UC San Diego
State Estimation for Reaction-Diffusion Equations with Applications to Lithium-Ion Batteries
- Author(s): Camacho Solorio, Leobardo
- Advisor(s): Krstic, Miroslav
- et al.
The dissertation introduces advancements in the theory and the applications of state estimation for systems described by partial differential equations (PDEs) with boundary measurements. State estimation is of great importance to engineering applications since typically full-state knowledge is required for control and decision making but only a limited number of states are directly available from measurements.
The estimation problems considered in the dissertation are solved via boundary observers, derived from the backstepping method for PDEs,
which is a constructive method for boundary control and estimation. The dissertation is confined to PDEs of parabolic type, including: reaction-diffusion equations, radial reaction-diffusion equations, systems of coupled reaction-diffusion equations, and systems including ODEs coupled with diffusion equations. Some contributions include: a robustness study for boundary observers with respect to uncertainty in parameters and measurement disturbances in the sense of input-to-state stability, the design of observers for coupled diffusion-reaction equations with an uncoupled target system, the design of observers for the expected value of a randomly switching diffusion-reaction PDE, and the design of observers for coupled ODEs with a radial diffusion equations.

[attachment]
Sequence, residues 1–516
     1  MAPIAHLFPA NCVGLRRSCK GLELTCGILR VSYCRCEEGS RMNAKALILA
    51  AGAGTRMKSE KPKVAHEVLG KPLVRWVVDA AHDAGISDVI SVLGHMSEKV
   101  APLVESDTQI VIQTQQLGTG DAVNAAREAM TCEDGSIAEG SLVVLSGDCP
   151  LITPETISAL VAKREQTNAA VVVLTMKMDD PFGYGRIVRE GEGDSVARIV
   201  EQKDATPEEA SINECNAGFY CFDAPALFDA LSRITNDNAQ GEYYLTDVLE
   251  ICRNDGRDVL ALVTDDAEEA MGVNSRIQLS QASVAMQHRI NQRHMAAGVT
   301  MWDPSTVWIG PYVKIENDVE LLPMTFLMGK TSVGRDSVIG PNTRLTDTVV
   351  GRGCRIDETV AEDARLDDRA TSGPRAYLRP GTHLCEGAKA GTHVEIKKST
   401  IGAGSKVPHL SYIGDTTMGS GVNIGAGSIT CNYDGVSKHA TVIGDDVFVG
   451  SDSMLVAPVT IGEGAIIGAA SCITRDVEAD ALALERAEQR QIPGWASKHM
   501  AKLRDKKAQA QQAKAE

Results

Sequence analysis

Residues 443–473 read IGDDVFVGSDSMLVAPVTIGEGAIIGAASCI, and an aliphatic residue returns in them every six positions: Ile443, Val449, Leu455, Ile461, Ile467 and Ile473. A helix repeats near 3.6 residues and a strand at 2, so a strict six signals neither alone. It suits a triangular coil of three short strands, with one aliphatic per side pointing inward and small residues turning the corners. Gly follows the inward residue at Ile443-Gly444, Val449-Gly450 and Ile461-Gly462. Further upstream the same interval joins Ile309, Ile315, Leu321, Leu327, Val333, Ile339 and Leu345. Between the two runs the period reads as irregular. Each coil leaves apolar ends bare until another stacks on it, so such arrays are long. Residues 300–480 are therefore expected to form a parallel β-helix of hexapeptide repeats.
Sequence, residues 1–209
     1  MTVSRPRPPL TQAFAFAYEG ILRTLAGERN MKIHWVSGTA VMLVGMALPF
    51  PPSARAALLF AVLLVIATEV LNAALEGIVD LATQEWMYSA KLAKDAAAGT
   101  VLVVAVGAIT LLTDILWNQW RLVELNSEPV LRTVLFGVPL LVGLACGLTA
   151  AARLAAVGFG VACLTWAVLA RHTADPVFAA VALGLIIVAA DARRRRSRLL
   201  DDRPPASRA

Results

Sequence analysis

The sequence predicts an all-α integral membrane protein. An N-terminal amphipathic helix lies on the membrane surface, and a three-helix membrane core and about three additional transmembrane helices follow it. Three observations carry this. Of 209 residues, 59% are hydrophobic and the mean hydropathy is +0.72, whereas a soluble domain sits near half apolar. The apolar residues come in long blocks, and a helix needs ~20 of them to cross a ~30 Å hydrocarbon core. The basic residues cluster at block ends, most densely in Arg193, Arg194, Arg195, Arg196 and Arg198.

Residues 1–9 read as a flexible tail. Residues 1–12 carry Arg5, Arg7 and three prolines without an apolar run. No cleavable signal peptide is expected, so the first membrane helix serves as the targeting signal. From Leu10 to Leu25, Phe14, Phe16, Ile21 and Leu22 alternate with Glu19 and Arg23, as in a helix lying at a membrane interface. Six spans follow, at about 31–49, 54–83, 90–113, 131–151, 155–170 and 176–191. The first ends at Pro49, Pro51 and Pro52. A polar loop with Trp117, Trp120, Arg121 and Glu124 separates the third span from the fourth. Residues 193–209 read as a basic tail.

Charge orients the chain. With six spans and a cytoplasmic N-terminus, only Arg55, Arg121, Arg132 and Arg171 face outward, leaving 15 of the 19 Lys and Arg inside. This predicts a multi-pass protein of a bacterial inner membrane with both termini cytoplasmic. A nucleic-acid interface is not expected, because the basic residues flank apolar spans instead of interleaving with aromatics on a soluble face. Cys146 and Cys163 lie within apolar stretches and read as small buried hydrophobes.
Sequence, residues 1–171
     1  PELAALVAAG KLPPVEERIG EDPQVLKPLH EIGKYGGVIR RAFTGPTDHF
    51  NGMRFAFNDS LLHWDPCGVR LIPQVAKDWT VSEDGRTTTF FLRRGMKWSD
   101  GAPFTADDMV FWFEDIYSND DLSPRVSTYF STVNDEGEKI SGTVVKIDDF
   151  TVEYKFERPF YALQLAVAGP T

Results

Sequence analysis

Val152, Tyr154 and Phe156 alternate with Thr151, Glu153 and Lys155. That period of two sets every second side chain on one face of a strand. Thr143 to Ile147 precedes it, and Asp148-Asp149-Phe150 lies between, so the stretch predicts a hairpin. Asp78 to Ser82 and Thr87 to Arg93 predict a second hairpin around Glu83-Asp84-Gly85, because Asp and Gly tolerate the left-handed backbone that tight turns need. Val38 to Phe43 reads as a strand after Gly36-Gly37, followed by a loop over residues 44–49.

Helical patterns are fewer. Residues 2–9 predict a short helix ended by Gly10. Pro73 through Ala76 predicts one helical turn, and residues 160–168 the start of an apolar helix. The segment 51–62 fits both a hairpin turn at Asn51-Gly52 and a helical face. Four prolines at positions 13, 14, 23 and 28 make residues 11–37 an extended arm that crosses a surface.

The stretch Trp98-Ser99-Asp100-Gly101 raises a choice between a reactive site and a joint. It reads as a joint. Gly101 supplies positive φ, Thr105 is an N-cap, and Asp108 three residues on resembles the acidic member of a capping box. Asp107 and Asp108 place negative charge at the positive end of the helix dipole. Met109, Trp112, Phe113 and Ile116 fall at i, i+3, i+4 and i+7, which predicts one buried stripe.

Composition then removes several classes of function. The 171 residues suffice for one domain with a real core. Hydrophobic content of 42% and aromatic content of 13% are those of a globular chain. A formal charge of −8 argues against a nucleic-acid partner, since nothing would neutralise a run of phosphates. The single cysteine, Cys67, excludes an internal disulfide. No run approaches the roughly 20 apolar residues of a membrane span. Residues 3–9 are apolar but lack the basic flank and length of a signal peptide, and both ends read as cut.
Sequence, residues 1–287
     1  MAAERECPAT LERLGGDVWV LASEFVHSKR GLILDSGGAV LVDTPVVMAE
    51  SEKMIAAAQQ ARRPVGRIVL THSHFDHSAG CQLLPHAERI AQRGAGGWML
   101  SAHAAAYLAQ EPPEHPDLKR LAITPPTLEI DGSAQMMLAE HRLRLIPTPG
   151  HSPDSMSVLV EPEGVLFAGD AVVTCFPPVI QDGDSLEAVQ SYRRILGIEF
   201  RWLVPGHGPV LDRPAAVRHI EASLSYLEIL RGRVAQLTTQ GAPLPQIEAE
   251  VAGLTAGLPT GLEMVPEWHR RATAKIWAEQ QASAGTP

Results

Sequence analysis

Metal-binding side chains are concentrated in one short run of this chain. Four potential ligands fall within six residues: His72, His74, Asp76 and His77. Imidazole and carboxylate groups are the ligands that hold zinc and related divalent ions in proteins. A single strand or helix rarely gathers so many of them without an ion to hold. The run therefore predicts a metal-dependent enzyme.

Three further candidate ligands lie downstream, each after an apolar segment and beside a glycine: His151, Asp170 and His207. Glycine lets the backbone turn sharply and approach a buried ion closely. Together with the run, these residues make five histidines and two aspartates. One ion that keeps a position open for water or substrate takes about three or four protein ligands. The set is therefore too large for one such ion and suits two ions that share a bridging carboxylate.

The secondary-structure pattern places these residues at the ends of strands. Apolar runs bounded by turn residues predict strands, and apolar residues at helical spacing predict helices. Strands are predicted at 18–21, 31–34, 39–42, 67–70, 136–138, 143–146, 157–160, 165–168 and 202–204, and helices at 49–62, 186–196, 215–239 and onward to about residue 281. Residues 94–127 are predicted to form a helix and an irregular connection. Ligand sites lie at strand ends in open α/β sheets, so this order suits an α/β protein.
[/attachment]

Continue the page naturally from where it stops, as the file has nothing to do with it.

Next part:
The dissertation is motivated by the state estimation problem from electrochemical models of lithium-ion batteries. Lithium-ion technology is widely use in portable electronics, electrified vehicles, aerospace, medical devices, among many other industries. The safe and optimal operation of a battery relies on the battery management system which requires accurate and reliable estimates of internal states of the battery. Electrochemical models are first principle models that provide a detailed description for the time evolution of the battery states. Among electrochemical models, the single particle model (SPM) is a simple electrochemical model suitable for the design of control and estimation algorithms. The dissertation introduces state estimation methodologies from the SPM adapted for lithium-ion batteries with electrodes of multiple active material, electrodes with non-spherical particle geometries, temperature dependent parameters, state dependent parameters and materials with phase transitions. The results in the dissertation are not restricted to battery applications, in fact, the last chapter studies the state estimation problem for a wellbore reservoir model used in managed pressure drilling applications.